Kristine Luken, 44, was stabbed to death in December while hiking with a friend in a forest outside Jerusalem. Her attackers killed her because they believed Luken, a Christian missionary, was Jewish, according to the indictment.
The killing drew attention in Israel, coming at a time of relative quiet and taking place in a popular hiking spot not far from Jerusalem. The weeks of official silence that followed her death added to the mystery.
Police said they had the suspects in custody within a day of the killing but imposed a gag order when they realized the men were linked to a longer string of attacks and other crimes, including robberies and rape.
The order was lifted Wednesday when the two suspects, along with a third accused of the murder of an Israeli woman in early 2010, were led into a Jerusalem court in orange jumpsuits and leg shackles. All three were bearded and in their early thirties.
They did not speak to reporters and do not yet have court-appointed attorneys. The indictment said the men have confessed and re-enacted both killings. An additional 10 suspects involved in lesser crimes linked to the same ring, involved in break-ins and weapons possession, are also in custody, police said.
Luken, who was involved with the Church's Ministry Among Jewish People, a group that promotes Christianity among Jews, lived for most of the last two decades in northern Virginia. An attorney for the family, Michael Decker, said her parents were in Texas.
They were "happy that suspects have been found," Decker said.
"They hope that these are indeed the terrorists. They hope justice will be served," Decker added. "They would like to know what happened on that tragic day when their daughter was murdered in a vicious terror attack."
The family and church kept details of her place of residence under wraps.
Patrick Henry College spokesman David Halbrook said Luken worked in the college's accreditation and compliance office from October 2007 through April of 2009. The college is in Purcellville, Virginia.
On Dec. 17, 2010, the two suspects, Kifah Ghneimat and Iyad Fatafa, "decided to enter Israel illegally in order to kill Jews," according to the indictment.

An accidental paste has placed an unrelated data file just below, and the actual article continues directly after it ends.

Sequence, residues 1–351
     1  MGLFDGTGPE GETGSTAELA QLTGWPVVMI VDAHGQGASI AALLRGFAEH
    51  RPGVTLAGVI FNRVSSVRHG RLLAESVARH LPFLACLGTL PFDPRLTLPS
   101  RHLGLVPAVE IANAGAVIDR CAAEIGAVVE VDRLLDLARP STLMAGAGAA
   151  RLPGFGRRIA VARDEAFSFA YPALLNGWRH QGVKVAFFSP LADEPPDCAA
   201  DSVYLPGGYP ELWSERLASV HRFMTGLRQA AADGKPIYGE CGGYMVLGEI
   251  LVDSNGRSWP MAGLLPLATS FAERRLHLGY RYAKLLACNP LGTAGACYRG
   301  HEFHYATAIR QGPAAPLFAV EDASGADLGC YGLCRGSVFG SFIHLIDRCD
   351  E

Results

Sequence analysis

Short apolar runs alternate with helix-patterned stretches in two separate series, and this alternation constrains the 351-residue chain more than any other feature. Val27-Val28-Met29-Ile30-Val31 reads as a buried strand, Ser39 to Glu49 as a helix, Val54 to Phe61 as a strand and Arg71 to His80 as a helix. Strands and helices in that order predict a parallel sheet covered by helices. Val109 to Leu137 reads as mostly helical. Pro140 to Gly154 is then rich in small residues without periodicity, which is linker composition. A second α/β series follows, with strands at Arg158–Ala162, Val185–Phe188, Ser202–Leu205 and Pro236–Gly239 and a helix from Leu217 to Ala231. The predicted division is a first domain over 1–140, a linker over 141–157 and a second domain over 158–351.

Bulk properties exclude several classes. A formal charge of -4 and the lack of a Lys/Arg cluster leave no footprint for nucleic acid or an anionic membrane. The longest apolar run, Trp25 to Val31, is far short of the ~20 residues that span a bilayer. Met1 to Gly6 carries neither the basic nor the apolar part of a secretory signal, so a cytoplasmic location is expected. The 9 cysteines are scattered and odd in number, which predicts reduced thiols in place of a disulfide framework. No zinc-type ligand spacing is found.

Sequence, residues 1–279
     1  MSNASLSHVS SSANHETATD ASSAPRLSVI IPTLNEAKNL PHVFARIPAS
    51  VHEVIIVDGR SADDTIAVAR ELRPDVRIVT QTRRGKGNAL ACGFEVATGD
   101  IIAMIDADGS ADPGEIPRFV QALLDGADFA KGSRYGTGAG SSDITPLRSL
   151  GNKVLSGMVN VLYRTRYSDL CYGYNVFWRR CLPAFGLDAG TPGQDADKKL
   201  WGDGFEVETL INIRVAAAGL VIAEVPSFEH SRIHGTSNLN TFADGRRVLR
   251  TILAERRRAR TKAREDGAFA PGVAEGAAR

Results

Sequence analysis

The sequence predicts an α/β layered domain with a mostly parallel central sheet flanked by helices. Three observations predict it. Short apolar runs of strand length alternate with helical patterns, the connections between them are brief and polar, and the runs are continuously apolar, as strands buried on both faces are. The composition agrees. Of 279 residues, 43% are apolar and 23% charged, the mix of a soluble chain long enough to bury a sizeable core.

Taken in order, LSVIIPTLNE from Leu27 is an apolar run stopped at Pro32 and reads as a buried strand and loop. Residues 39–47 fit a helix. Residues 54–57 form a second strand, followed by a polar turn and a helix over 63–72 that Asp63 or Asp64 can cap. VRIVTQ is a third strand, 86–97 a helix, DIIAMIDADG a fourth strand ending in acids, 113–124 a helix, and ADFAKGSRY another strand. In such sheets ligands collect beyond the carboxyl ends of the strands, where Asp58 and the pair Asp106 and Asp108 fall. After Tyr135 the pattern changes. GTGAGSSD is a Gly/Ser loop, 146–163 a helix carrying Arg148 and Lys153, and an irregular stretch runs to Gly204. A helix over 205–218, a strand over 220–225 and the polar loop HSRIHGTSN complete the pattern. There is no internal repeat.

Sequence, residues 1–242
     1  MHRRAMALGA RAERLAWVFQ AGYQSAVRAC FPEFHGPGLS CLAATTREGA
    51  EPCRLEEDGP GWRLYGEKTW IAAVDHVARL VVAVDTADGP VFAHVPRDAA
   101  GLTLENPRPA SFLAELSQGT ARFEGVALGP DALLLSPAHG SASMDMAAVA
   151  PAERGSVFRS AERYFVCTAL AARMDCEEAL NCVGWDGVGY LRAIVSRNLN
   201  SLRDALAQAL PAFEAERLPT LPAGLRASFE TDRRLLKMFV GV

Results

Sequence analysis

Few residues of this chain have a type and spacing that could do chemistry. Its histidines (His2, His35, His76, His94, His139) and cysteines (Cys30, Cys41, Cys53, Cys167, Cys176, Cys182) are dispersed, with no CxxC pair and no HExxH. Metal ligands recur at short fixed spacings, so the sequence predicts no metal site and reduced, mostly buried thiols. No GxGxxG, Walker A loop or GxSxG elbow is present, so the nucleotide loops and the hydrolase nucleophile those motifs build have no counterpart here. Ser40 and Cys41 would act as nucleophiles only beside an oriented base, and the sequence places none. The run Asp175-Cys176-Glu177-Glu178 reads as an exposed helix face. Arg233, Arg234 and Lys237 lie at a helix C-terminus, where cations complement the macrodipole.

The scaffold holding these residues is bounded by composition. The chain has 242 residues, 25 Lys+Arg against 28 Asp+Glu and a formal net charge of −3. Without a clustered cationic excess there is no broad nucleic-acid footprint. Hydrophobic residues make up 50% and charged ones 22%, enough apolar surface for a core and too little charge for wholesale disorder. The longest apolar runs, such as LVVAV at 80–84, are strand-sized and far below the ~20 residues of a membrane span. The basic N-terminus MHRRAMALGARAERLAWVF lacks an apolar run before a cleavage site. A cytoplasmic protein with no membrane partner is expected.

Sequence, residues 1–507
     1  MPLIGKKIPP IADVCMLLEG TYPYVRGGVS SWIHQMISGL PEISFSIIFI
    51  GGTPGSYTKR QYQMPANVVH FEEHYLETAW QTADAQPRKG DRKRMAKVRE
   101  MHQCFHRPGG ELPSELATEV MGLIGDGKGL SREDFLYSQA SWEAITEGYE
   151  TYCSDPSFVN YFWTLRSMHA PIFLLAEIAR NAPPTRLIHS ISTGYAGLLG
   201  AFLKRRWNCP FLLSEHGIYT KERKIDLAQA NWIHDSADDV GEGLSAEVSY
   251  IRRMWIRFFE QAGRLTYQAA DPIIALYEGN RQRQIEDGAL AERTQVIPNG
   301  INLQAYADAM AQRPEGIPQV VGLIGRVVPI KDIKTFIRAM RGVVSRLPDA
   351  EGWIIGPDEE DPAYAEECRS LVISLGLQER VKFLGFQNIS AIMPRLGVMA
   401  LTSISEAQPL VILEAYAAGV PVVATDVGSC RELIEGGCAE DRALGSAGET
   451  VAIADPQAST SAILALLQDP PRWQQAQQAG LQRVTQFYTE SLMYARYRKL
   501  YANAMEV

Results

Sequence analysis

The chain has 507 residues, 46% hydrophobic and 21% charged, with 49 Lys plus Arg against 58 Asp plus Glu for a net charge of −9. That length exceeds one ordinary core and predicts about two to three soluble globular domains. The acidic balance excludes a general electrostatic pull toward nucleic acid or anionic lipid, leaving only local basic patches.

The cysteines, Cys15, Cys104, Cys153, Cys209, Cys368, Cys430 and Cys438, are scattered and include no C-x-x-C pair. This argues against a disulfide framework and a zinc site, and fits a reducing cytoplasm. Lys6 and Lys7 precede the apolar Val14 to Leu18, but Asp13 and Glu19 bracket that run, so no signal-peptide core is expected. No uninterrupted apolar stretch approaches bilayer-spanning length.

In a forest inside Israel but adjacent to the West Bank they encountered Luken and a friend, Kaye Susan Wilson, a naturalized Israeli citizen from Britain.
Wilson "tried to convince them they were not Jewish, in order to convince them not to hurt them," according to the indictment, but one of the suspects grasped at a Star of David necklace around her neck, saying, "What's this?"
The suspects then stabbed both women repeatedly, killing Luken, according to the indictment. Wilson, badly wounded, played dead, eventually reaching another group of hikers before she collapsed and was taken to a hospital with multiple stab wounds in her chest.
The indictment shows the "motives were nationalistic," said prosecutor Joey Asch.
Police say the men were not members of a recognized militant group but were rather a loosely affiliated group that took part both in politically motivated actions and crime.
Ghneimat, one of the men charged with killing Luken, and the third suspect indicted Wednesday are charged with killing an Israeli woman they found walking alone near a monastery in the same area in February 2010. Their motivation was "the situation of the Palestinians," according to the indictment.
Ghneimat is also charged with attempted murder for stabbing and wounding a young Israeli couple a few days before that attack.
Jerusalem police chief Aharon Franco said Gneimat told interrogators that the knife attack was retaliation for the assassination of a senior Hamas operative in Dubai in January 2010.
Israel is widely believed to have assassinated the man, Mahmoud al-Mabhouh, but has not commented on the allegations.